The next important question is whether the possession of respondents of the property belonging to the company, namely, the Sonmarg flat, after the death of Shri S.C. Agarwalla, is unlawful and unauthorized and therefore wrongful. Both the Courts, namely, the Court of Magistrate and the High Court on appreciation of the material placed before them have clearly held that after the death of Shri Agarwalla, on the basis of assurance given by the Chairman of the Board of Directors of the appellant-company, Shri Goenka to Respondent No.1 the said flat is being occupied by the Respondents. We have summarized the High Court's ultimate finding on this issue on the question of assurance given by Chairman Shri Goenka to Respondent No.1. The learned counsel for the appellant took us through the judgment of High Court and the record in considerable detail for the purpose of disputing this finding. Counsel for the appellant could able to point to scarcely any error in this finding based on evidence on record. He, however, submitted, that, in relying on this finding, the Judge has drawn entirely wrong inference. The substance of his full and careful argument in this context may be summarized as follows:

It is urged by the learned senior counsel for the appellant that the High Court has failed to appreciate that the permission, if any, given to Respondent No.1 to live in Sonmarg flat till the possession of the flat at Blue Heaven was delivered to respondents, by the Chairman Shri Goenka, being without any authority of law and being outside the powers vested in the Chairman, would not be binding on or enforceable against the company. It is submitted that those powers could only be exercised by the Board of Directors or by Chairman only with specific authorization to that effect by the Board of Directors. Countering this argument, it is urged by the learned counsel for Respondents 1 and 2 that the findings arrived at by both the courts below that possession of Respondents 1 and 2 is permissible and not wrongful as the respondents have been assured by the Chairman of the Company to continue to live in the flat at Sonmarg till the possession of the flat at Blue Heaven is delivered to them is based on proper assessment of relevant material on record and does not warrant any interference by this Court. The respondents' possession of the flat being permissive cannot be held to be wrongful to attract the provisions of Section 630 of Companies Act.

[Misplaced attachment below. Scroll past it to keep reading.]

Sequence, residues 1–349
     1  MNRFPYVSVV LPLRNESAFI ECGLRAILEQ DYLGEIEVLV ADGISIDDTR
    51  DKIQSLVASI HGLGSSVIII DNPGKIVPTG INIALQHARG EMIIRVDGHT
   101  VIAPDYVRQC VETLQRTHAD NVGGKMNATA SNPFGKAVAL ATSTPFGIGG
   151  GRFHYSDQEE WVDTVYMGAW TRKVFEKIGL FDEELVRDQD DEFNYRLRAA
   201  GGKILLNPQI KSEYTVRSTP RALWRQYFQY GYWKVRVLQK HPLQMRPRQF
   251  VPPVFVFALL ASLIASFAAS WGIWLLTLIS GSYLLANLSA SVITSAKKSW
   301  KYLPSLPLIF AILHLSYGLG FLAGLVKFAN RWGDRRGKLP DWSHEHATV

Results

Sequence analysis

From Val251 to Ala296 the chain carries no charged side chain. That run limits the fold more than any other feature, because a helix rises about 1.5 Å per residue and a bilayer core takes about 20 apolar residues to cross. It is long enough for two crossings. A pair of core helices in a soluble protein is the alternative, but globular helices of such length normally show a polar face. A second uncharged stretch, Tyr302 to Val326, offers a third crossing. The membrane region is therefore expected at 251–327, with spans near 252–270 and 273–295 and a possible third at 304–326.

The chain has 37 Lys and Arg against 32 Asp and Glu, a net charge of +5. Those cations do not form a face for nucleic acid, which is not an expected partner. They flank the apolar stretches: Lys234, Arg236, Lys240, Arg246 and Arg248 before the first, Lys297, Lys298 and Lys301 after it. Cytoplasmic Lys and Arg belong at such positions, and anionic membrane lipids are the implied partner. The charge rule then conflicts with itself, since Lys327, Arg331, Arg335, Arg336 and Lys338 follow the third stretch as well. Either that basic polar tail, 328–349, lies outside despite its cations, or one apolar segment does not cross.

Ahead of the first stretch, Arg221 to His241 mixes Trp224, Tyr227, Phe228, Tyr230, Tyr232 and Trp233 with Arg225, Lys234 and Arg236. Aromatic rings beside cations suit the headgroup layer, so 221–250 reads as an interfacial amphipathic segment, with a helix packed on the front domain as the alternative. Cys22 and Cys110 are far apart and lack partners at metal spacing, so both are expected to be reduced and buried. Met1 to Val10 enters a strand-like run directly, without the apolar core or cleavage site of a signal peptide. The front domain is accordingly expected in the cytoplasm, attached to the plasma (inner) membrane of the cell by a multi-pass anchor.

The question really is whether the Chairman of the Board of Directors of the Company has the authority to give such an assurance to Respondents 1 and 2 when he met them at the condolence meeting after the demise of Shri S.C. Agarwalla, which could bind the company and thereby could it be taken as a permission given by the company to respondents 1 and 2 to reside in Sonmarg flat and thereby their possession could be said to be a lawful possession. In the matter of company affairs, Directors act as a body and collectively as a Board.

Any Director acting individually has no power to act on behalf of the company in respect of any matter except to the extent to which any power or powers of the Board have been delegated to him by the Board within the limit permitted by the Companies Act or any other law. The position of the Chairman of the Board of Directors is not substantially different from an individual Director. Under the Companies Act, Chairman of the company does not have any special or extraordinary rights to be exercised by him without being authorized by the Board of Directors. The Board of Directors of course have an authority to delegate the power or authority to act for and on behalf of the company to the Chairman of the Board of Directors.